Cortical Modulation Using Invasive DC
The potential for non-invasive (trans-cranial) DC to influence cortical firing via diffuse, sub-threshold electric fields has seen a great deal of recent interest and active research (Ruffini et al., 2013; Bikson et al., 2016; Jackson et al., 2016). Invasive DC has the advantage of being able to deliver higher and much more locally directed electric fields, but the use of invasive electrotherapy in the brain is harder to justify given the difficulties and significant safety concerns associated with invasive penetration into the CNS. As invasive DC technology matures, there may be opportunities to address neural targets within the brain, particularly where pathological conditions occur as a result of hyperexcitability, such as in epilepsy. Locally delivered DC modulation can down-modulate neural activity and has been shown in-vitro to suppress epileptiform activity in the rat hippocampus (Lian et al., 2003). Invasive electrotherapy is already used for suppression of epileptic activity when other treatments have failed (Stefan and Lopes da Silva, 2013; Mina et al., 2017) and non-invasive DC is an emerging therapy for epilepsy although the extent of efficacy is controversial (San-juan et al., 2015). However, invasive DC modulation will first have to prove significant potential benefit over preexisting non-invasive therapies for epilepsy to be considered as a viable alternative approach.
Another potential cortical target for invasive DC is the treatment of chronic tinnitus. Tinnitus is characterized by persistent auditory illusion and is widespread with limited available treatment options (Møller, 2007b). Etiology in tinnitus is extremely varied, but some forms of the condition are thought to arise due to corruption of auditory processing at the cortex (Møller, 2007a,b; De Ridder et al., 2014). Some of the primary effects of tonic, subthreshold DC fields are changes in excitability and conduction velocity, which can create plastic changes in cortical networks (Radman et al., 2007; Jackson et al., 2016). Non-invasive DC has been explored as a potential therapy for tinnitus, but existing evidence suggests it is not consistently efficacious at reducing symptoms for most patients (Song et al., 2012; Santos et al., 2018). One problem is that neural changes in tinnitus may be highly heterogeneous across local cortical regions (Møller, 2007a; De Ridder et al., 2014). We hypothesize that locally delivered DC has the potential to deliver much more constrained electric fields and thus might provide extra benefit over diffuse non-invasive fields, but studies on animal models of tinnitus will be necessary to test the validity of this hypothesis.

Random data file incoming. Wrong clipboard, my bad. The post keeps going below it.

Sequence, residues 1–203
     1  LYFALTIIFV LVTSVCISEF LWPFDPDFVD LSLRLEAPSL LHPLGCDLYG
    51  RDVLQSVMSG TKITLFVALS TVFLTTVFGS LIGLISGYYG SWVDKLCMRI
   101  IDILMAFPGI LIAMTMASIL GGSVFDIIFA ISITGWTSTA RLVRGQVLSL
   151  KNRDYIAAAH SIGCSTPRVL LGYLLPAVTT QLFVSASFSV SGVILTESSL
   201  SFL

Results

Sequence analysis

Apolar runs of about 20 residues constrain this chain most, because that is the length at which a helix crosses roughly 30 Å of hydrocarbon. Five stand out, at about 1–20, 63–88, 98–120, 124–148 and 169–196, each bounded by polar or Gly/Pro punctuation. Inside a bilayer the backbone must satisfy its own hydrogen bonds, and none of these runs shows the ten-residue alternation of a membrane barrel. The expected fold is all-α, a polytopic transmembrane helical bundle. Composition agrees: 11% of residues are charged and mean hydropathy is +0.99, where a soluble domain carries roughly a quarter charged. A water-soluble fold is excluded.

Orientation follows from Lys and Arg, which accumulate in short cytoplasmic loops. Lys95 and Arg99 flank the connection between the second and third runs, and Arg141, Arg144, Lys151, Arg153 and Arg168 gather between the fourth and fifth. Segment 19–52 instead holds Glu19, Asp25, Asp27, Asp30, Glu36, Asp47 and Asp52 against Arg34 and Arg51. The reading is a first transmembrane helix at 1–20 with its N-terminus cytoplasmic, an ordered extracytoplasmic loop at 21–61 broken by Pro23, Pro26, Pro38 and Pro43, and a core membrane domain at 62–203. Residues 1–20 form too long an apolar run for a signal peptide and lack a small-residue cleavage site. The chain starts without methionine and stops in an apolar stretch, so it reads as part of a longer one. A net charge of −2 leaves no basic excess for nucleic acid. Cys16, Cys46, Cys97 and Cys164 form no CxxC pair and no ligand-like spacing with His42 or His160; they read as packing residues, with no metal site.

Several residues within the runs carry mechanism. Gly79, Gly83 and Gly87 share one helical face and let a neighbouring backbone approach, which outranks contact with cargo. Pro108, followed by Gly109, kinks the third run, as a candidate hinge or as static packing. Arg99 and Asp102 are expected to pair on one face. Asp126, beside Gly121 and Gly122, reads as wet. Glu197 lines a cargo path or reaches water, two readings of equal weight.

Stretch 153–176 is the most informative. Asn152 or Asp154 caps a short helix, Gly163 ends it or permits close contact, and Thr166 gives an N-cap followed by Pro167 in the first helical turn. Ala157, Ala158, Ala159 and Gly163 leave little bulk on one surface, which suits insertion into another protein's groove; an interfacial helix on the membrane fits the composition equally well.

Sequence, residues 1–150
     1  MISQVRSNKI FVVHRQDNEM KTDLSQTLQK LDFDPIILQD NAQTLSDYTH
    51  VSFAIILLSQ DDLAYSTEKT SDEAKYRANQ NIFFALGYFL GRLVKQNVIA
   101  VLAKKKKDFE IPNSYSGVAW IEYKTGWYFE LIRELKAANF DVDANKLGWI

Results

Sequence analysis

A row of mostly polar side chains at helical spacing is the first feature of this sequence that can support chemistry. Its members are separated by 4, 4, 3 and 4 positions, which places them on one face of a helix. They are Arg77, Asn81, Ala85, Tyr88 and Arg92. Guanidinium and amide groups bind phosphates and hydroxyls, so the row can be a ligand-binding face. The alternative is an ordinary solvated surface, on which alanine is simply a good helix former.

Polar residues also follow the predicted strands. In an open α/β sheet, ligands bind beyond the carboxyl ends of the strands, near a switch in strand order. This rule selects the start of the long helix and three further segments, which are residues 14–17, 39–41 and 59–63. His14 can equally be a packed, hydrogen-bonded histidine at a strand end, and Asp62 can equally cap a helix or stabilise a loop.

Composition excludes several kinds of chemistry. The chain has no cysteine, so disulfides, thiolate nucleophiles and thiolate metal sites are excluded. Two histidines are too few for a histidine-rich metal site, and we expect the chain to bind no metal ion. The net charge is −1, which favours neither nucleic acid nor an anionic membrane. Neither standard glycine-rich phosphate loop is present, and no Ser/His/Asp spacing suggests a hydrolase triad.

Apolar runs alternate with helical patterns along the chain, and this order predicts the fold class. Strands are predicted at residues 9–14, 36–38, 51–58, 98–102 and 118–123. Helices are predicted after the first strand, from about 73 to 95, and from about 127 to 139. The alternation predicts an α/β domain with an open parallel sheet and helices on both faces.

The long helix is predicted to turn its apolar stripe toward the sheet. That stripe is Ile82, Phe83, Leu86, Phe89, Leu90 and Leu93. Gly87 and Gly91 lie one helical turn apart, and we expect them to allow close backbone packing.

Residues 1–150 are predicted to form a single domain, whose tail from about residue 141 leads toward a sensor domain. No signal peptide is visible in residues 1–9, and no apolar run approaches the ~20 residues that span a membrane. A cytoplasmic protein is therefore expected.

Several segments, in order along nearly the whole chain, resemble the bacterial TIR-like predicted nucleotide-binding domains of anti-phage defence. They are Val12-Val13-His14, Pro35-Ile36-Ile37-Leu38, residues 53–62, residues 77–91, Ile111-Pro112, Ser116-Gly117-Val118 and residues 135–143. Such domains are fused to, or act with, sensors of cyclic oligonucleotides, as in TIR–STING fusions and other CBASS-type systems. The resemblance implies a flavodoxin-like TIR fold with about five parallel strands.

Cochlear implants (CI) are the great success story of the field of neuromodulation. Neuromodulation via CI is now a common treatment for severe hearing loss, with bilateral implantation becoming almost routine. Most people hear with the CI well-enough to talk on the phone in a quiet room. While there's no debate regarding the usefulness of these devices in everyday life, significant hearing deficiencies with the CI in presence of noise, tonal language speech perception (such as Mandarin Chinese), and poor music perception still remain as issues to be addressed (Wilson and Dorman, 2008; Prevoteau et al., 2018).